I hesitated before buying this book, thinking that there would be little that I would understand. I have a degree in mathematics from Cambridge, but that was achieved 50 years ago and although I have kept my interest and read a number of popular books on the subject, I have never continued my studies and have forgotten most of what I once knew.

The book is a delight. Look inside and you will find a wide range of topics, ranging from a series of introductory articles to biographical and historical sections and including descriptions of the branches of the subject currently under investigation and the impact of mathematics on the practical world.

If you have an interest in mathematics and are tempted, do seriously consider buying this book. There will be (almost certainly) some parts that you find very difficult but there will be very many that give you a fascinating insight and great pleasure.
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36 of 39 people found the following review helpful By A. Marshall on 7 Oct. 2010
Format: Kindle Edition
This review applies only to the Kindle version.

The print edition of this book is a fantastic, weighty tome and is well worth every penny. Unfortunately the same cannot be said of the Kindle edition. For such a huge text, the failure to take advantage of hyperlinks makes browsing the book a frustrating experience. In addition, mathematical graphics and equations are rendered in low resolution and are virtually unreadable. As the Kindle device is perfectly capable of rendering high quality graphical content, this lapse is unforgiveable in an ebook costing this much.

Disappointing.
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1 of 1 people found the following review helpful By J G M REID on 13 Jan. 2014
Format: Kindle Edition Verified Purchase
My formal maths education ended 30 years ago with university level mathematics for engineering. A renewed interest had me looking for a book that explains how the many topics within mathematics are linked together, in a way that limits the use of the formal language of maths. The search is over....this is the book.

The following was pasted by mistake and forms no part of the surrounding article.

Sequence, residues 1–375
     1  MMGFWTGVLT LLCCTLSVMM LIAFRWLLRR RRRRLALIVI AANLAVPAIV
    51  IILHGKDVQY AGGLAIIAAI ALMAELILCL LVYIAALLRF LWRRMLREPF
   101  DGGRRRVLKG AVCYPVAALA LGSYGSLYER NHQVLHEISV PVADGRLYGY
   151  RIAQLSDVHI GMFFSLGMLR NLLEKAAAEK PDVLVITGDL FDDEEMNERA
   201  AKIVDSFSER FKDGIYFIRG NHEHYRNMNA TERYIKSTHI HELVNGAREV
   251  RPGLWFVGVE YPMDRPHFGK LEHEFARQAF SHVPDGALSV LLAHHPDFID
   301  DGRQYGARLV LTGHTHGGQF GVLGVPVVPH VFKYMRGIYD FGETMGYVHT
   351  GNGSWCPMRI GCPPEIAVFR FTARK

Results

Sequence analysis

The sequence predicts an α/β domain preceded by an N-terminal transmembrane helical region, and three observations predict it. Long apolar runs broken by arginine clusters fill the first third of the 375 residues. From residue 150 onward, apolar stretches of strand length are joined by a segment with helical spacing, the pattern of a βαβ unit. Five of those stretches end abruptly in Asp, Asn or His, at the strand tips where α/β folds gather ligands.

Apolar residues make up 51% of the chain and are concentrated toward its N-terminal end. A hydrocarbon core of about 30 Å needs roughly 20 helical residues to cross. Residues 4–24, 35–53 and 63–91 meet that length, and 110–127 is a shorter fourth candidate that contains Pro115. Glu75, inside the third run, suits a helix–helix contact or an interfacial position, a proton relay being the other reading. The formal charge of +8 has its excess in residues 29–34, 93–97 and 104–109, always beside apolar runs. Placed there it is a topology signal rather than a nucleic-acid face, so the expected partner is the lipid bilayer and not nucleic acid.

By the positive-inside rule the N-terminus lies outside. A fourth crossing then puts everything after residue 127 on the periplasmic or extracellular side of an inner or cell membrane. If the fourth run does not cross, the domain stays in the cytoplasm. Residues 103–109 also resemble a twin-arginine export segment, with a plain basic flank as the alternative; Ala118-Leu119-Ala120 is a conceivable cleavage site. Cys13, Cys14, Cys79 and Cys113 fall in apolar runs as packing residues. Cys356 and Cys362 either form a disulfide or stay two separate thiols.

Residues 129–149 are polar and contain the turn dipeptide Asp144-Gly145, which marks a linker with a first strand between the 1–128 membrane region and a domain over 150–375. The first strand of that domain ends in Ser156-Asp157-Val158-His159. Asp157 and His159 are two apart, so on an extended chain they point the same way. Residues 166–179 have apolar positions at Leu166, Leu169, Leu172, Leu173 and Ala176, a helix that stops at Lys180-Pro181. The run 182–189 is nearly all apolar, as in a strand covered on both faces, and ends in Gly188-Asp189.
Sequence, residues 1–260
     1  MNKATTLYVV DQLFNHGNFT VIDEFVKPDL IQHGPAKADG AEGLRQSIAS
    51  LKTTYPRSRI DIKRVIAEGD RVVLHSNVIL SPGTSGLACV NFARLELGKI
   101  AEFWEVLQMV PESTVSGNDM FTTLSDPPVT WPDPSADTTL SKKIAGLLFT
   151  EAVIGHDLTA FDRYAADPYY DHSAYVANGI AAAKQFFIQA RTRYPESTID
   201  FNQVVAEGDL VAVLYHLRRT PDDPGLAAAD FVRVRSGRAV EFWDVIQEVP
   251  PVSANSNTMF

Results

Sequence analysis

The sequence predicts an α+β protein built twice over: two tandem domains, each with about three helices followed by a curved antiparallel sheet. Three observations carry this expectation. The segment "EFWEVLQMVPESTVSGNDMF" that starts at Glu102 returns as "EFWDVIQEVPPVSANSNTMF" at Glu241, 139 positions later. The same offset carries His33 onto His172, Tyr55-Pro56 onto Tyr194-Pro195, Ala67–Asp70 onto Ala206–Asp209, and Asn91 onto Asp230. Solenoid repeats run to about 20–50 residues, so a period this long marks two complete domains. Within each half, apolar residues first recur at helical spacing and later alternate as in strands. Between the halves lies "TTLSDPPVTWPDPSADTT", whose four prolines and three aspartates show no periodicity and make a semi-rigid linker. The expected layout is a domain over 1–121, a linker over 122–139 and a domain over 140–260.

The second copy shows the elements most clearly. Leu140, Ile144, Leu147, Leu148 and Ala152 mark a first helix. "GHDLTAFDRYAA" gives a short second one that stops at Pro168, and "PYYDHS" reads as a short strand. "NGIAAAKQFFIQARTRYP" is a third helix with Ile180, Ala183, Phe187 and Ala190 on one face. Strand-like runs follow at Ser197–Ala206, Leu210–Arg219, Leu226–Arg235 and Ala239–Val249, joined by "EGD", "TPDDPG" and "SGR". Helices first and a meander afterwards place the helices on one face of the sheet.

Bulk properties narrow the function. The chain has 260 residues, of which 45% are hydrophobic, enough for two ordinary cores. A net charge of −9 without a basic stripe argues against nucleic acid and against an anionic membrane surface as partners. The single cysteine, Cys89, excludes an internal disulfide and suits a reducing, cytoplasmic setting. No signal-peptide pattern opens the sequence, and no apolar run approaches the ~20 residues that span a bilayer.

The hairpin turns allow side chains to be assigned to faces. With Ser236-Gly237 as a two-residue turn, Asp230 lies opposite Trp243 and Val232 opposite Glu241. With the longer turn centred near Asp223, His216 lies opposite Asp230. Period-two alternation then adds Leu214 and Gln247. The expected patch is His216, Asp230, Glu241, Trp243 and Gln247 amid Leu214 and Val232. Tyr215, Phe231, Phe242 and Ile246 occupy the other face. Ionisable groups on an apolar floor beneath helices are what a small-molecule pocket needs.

It is not a textbook, and you won't earn a college degree by reading it, but anyone reading part 1 will understand fundamentals which will make textbooks much easier to read. Part 2 is also a good path to understanding the history of mathematics, and both why and how it was developed to solve real problems that man has faced down the years.
Further sections explain key concepts in language as close to laymans's terms as possible, and give more detailed guides to major subtopics, significant contemporary questions, prominent figures, applications to other area of science and life as a mathematician.

The book is not 'light' reading in any sense. Maths can be inherently difficult, and the contents of the Companion are essays without illustrations. The hard copy is also physically daunting, which is why I would recommend the digital kindle version for each of access and use.

Nonetheless, if you have an interest in mathematics and have some level of maths education then, whether you use it as a guide to the subject or as a companion to deeper study, this is a book you should have.
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9 of 11 people found the following review helpful By Daniel J. Burridge on 23 Aug. 2009
Format: Hardcover
This is a great book. Its entries are well written by recognisable experts and at a high enough level so that people attempting research may use them as a starting point or even as a guide to the main people in the field. It can be read by the amateur too. Other good points are: the quality and depth of coverage, the connections made between fields, and the broad perpective it provides on the subject.